CCI leaves Google searching for answers

CCI leaves Google searching for answers thumbnail
If you go to the Google search box and type “nuance”, the first result that shows up is “CCI Judgement on Google”. No, we just made that up.

The Competition Commission of India’s (CCI) landmark ruling enforcing a Rs 135.86-crore fine on Google for “search bias” and abusing its “dominant position” is one of the more finely considered judgements in the technology industry. According to Sunil Abraham, executive director of Bengaluru-based research organisation, the Centre for Internet and Society, “CCI is returning to the roots of the competition law, where it is as important to prevent concentration of power as it is to look at how pricing affects people. The emphasis here is now also on protecting innovation and competition itself.”

To begin with, according to the CCI, the rules of engagement are different for early-stage markets and mature markets.

CCI has differentiated between early-stage markets and mature markets. In an earlier judgement when two radio cab operators, FastTrack and Meru, had accused Ola of offering discounts and predatory pricing, the CCI had ruled in favour of Ola. CCI had said a lack of market maturity in the cab-hailing space was central to its decision. “At this stage, it is difficult to determine with certainty the long-term impact of this pricing strategy, as the market is yet to mature,” the CCI had ruled.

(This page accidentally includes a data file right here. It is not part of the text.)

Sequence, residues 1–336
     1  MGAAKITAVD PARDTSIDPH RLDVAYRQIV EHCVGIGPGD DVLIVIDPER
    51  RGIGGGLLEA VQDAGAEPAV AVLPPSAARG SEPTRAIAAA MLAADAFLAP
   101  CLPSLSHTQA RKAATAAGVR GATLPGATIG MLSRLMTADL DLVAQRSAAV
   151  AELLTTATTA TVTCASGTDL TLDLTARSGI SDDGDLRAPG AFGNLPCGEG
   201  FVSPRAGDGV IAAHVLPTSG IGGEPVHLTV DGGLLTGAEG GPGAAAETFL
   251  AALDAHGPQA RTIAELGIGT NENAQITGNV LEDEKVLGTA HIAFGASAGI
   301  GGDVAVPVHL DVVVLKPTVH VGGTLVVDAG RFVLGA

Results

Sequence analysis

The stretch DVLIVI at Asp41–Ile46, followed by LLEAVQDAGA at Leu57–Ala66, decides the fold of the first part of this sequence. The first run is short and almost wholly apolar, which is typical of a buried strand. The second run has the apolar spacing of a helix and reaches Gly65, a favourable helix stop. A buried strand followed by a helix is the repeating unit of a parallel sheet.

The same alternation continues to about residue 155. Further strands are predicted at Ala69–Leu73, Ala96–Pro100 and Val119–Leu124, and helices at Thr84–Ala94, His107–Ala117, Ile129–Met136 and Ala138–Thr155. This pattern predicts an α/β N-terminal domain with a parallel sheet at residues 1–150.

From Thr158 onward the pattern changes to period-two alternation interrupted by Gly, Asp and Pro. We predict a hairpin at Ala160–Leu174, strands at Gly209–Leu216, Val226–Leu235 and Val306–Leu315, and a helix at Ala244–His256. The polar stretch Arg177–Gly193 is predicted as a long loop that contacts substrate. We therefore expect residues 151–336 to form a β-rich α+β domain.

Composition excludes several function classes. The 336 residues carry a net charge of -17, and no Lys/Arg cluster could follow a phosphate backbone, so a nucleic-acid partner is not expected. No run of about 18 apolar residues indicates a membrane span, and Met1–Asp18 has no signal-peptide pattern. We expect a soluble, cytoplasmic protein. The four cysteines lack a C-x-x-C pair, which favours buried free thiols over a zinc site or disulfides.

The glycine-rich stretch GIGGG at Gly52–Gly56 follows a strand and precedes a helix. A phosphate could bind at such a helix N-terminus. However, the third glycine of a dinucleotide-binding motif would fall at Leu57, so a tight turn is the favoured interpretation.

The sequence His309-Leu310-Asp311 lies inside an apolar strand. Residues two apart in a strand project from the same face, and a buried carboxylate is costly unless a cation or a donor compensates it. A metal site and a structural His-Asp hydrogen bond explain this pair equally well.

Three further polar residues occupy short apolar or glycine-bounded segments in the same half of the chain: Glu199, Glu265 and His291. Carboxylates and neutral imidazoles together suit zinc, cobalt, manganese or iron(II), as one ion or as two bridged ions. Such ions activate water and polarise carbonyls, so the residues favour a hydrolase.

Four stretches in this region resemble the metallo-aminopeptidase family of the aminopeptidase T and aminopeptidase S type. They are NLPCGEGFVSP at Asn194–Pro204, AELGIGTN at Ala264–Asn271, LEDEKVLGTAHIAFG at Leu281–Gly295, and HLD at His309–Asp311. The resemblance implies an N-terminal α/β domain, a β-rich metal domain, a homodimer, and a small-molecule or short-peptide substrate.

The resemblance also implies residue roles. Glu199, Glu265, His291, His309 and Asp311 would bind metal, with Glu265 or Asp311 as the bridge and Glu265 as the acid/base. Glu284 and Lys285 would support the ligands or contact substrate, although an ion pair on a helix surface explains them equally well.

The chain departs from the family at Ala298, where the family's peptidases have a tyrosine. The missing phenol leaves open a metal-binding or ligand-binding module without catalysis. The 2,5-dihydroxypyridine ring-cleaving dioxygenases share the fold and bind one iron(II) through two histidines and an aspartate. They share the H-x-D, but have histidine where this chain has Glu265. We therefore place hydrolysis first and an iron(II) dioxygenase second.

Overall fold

The search market is different. Google is the 800-pound gorilla and pretty much the entire zoo in this market. The Google judgement, according to a lawyer who chose to remain off the record, “is based on the principle that a higher degree of responsibility is cast on Google because it has a dominant position in the market”.

The nub of the argument is that Google, by the showcasing of flights in its search page, has used its role as a gateway to offer a specific service.
As the judgement notes: “Google is leveraging its strong position in various online search markets to enter into and enhance its position in ancillary markets. Not only does that cause direct harm to competitors in vertical markets, it also causes direct harm to other website owners, since their websites are moved down on SERP [search engine results page] and hence, they receive less clicks as a result of lessened traffic. Further, this also harms consumers as they no longer receive the most relevant results at the top of SERP.”

But why should the consumers care? After all they are getting the cheapest price.



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